From the Right



The Government Attacks the Freedom of Speech

Judge Andrew P. Napolitano on

"I do not agree with a word that you say, but I will defend to the death your right to say it."

-- Voltaire (1694-1778)

Holy Week was not a good week for personal liberty as governments throughout the United States engaged in direct and subtle attacks on free speech.

The freedom of speech is unique in American history and ethos. It was the linchpin of the secession of the 13 colonies from Great Britain. It is often claimed at the most distinguishing characteristic between life in the United States and all other countries. It has suffered and survived grievous government assaults from the Alien and Sedition Acts of the 1790s to the suspension of habeas corpus during the War Between the States to the Red Scares in the last century to the monitoring of social media today.

This great freedom continuously pushes back at the governments that assault it. The freedom of speech is a value and metaphor for the unique, indefeasible, permanent, natural right to think as you wish, to say what you think, to read what you please, to publish what you say, and to do all this without a government permission slip and without fear of government reprisal.

The freedom of speech is both a natural and a constitutional right. It is expressly guaranteed in the First Amendment. That amendment commands not that Congress grant the freedom of speech but that Congress is prohibited from infringing upon it.


From and after the ratification of the 14th Amendment, federal and state courts have applied the prohibition on congressional infringement to all governments -- federal, state and local; and to all branches of those governments -- legislative, executive and judicial.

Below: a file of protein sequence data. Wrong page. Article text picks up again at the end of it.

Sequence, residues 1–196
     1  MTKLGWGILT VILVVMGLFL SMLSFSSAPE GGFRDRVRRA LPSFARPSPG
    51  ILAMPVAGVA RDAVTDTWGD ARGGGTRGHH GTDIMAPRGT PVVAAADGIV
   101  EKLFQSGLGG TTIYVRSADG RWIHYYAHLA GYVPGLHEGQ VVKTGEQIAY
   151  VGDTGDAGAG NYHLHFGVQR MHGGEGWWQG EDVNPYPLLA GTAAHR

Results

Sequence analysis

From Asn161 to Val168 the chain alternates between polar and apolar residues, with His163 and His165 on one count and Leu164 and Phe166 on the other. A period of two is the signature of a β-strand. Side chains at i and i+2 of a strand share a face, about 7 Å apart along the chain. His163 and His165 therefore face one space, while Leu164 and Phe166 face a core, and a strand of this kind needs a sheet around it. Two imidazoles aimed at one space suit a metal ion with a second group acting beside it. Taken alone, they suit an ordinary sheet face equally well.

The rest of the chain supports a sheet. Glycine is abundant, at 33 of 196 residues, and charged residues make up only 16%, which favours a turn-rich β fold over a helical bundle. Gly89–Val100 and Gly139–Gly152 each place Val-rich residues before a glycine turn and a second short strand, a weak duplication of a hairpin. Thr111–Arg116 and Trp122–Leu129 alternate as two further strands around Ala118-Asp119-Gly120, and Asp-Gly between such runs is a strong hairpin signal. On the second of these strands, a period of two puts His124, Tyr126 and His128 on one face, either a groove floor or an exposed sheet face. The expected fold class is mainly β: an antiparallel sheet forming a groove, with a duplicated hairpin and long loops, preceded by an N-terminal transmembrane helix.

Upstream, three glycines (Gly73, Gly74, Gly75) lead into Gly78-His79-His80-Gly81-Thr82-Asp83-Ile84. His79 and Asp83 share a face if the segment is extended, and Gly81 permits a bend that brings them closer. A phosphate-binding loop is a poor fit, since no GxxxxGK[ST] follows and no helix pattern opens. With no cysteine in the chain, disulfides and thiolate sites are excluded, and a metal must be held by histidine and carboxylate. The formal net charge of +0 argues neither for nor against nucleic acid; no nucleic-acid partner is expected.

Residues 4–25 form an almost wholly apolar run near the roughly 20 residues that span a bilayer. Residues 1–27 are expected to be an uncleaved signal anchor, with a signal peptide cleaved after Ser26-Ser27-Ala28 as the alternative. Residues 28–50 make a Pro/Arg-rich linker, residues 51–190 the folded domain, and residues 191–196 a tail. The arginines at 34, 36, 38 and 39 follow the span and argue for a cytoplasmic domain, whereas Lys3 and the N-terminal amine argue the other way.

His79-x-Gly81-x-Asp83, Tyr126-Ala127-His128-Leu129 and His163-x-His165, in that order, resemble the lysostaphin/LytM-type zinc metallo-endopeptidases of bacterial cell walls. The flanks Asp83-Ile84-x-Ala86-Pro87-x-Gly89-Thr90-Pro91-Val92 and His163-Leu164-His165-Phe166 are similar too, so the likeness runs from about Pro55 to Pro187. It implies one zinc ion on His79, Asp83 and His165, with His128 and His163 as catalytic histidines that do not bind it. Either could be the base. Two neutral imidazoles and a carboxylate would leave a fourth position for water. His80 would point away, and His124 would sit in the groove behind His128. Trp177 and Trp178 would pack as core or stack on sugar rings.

When teaching law students the values of the Bill of Rights, I often began with a curious hypothetical. If the states ratified a constitutional amendment repealing the First Amendment, would the freedom of speech still exist in America? The short answer to that question is: Yes. The longer answer reflects that speech is not just a constitutional right. Because free speech comes from our humanity -- a gift of our Creator -- we have and can exercise this right whether it is reduced to writing and recognized by the government or not.

Moreover, every person employed by any government anywhere in the United States takes an oath of allegiance to the Constitution, which includes all of its amendments. You'd never know that from events during the past week.

Here is the backstory.


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Bob Englehart John Deering Mike Beckom Pat Bagley Kirk Walters Marshall Ramsey